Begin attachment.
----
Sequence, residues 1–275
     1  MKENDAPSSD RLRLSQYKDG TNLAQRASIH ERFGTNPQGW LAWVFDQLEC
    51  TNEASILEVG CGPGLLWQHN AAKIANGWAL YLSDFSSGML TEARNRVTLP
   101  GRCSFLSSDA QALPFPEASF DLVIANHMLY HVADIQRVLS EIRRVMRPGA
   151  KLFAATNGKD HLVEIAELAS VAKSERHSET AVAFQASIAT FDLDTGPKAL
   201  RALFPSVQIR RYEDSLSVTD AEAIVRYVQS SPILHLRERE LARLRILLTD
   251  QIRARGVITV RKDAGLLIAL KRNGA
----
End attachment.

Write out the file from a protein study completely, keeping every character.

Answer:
Sequence, residues 1–275
     1  MKENDAPSSD RLRLSQYKDG TNLAQRASIH ERFGTNPQGW LAWVFDQLEC
    51  TNEASILEVG CGPGLLWQHN AAKIANGWAL YLSDFSSGML TEARNRVTLP
   101  GRCSFLSSDA QALPFPEASF DLVIANHMLY HVADIQRVLS EIRRVMRPGA
   151  KLFAATNGKD HLVEIAELAS VAKSERHSET AVAFQASIAT FDLDTGPKAL
   201  RALFPSVQIR RYEDSLSVTD AEAIVRYVQS SPILHLRERE LARLRILLTD
   251  QIRARGVITV RKDAGLLIAL KRNGA